Legato :: Ghostpatrol
le•ga•to :: in a manner that is smooth and connected
by Jenny Doh
Ghostpatrol was born in Hobart, Australia and now lives in Melbourne, working closely with artist, Miso, to create artworks that can be seen on the streets and within galleries. Ghostpatrol's body of work includes small works like drawings on pencils, and very large works, like murals on buildings. The spectrum of moods that the works evoke is also incredibly broad ... from playful and adorable ... to melancholy and macabre.
JD :: The body of your work is quite large and I'd like to focus this interview on the characters that frequently appear on your murals and also on your works with pencils. I look at your characters and I first think: "How adorable!" And then I look a bit closer and think "How odd" or "How sad." I suppose all of these reactions ultimately reflect how very inviting they are. Tell me a bit more about the characters that we see in your art.
GP :: The worlds I create are full of different ideas. I try not to control too much of the emotions in the work. I just let the pencil and paper work it out. The places and people speak to me through drawing them out. Planning and controlling a message doesn't really exist in m work. I'd rather people make their own meaning.
JD :: When you work on such a large scale like public buildings, I'm very curious about the process. What kind of planning is involved? How long does the execution take to install? How does it feel when you see it evolve through exposure to the elements, including potential humans who might alter it?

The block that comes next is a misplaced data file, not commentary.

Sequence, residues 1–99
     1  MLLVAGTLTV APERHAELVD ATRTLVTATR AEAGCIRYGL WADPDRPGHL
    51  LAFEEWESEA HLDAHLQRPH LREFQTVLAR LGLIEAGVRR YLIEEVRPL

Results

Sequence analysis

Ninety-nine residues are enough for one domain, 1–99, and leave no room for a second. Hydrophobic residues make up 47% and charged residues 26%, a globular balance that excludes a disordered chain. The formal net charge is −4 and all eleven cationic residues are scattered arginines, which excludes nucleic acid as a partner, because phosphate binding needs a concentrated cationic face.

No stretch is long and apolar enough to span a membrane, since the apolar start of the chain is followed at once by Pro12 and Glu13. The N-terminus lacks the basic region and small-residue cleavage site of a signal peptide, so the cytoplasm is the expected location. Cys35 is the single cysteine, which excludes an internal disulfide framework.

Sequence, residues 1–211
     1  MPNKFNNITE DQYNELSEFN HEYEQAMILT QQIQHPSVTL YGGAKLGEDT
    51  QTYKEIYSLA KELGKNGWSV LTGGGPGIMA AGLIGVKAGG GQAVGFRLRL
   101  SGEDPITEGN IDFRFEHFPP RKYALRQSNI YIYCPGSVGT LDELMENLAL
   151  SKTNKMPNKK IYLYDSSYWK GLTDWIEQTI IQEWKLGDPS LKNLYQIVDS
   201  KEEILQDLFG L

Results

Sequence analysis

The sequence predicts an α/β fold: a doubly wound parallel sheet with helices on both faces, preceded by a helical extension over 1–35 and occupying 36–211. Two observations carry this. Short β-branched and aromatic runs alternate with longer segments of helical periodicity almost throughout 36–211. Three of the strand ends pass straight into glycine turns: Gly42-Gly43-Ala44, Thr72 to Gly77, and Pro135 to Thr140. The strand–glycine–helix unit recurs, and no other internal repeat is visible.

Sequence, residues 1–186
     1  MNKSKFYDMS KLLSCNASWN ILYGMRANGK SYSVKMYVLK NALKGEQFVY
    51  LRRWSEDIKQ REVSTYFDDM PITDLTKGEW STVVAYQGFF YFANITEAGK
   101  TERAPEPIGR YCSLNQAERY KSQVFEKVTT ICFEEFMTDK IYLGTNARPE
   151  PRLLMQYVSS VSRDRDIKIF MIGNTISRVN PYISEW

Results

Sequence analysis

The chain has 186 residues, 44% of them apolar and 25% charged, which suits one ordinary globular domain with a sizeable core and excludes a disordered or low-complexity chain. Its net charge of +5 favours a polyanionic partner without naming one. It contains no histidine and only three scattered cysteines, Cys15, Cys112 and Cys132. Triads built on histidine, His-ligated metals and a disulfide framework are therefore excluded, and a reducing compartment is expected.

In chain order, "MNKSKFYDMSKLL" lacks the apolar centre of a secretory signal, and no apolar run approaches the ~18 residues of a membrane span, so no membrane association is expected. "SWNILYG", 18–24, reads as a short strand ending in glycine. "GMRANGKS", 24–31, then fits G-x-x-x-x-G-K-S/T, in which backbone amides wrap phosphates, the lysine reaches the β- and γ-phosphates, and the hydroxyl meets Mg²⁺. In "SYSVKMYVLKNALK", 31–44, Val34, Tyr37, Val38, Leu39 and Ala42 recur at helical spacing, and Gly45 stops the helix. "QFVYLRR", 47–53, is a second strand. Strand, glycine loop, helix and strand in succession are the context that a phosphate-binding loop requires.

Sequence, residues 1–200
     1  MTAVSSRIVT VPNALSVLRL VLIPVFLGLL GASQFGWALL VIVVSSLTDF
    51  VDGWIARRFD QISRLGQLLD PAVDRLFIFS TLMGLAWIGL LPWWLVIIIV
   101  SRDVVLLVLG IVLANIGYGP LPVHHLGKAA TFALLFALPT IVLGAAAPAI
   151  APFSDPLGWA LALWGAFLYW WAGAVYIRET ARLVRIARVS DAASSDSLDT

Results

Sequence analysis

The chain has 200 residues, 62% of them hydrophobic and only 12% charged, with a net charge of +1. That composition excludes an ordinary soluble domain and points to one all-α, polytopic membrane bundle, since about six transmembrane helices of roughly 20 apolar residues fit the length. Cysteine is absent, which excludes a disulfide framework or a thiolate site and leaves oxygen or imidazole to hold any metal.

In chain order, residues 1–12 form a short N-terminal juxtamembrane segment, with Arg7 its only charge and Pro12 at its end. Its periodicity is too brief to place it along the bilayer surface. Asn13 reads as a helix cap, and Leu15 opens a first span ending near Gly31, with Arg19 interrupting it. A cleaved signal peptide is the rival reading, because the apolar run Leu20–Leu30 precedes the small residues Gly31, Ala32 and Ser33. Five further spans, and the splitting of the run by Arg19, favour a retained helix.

GP :: Some pieces are spontaneous and are free to decay, whilst others take a lot of planning at a team to execute. I often get to work with design firms or architects on projects, which i great.
JD :: Let's talk about your pencils. They are adorable. I imagine that they need to be mounted during the process of exposing the wood and then painting on them. Could you share your process a bit with us? How did they become a substrate for your art?
GP :: The pencil idea just appeared in my mind, so the next day i gathered the materials and began experimenting. They seem to strike a chord with many people. The simplicity id the key. That body of work was finished many years ago, but it's still nice to get heaps of comments about that series.
JD :: Tell me what is your relationship with pencils? Do you prefer writing with pencils versus pens?
GP :: Brushes are my real favourite. I don't have a problem with pens. I think there is a culture of people obsessing with fine stationery. It's how you use it.
JD :: So creating a large mural is ... well ... large. And creating a painting on pencils is much smaller. Tell me a bit about the differences and similarities of working on such dramatically different scales.
GP :: The larger works al start off small. I spend a lot of time drawing in my sketch book. Some work just lends it self to becoming much bigger. I usually create many drafts or experiments along the way. The difference doesn't seem the odd when you're doing it everyday. I like to have the flexibility to move across and between sizes and mediums.
GP :: Early starts to clear email and update projects, then off to studio.
JD :: What is usually the last thing when you go to sleep?
GP :: Draw.
JD :: What do you know for sure?
GP :: The universe is very large.
JD :: What is one thing you can never be sure of?
GP :: We live in a multiverse.
All images were provided by Ghostpatrol. To learn more, visit www.ghostpatrol.net.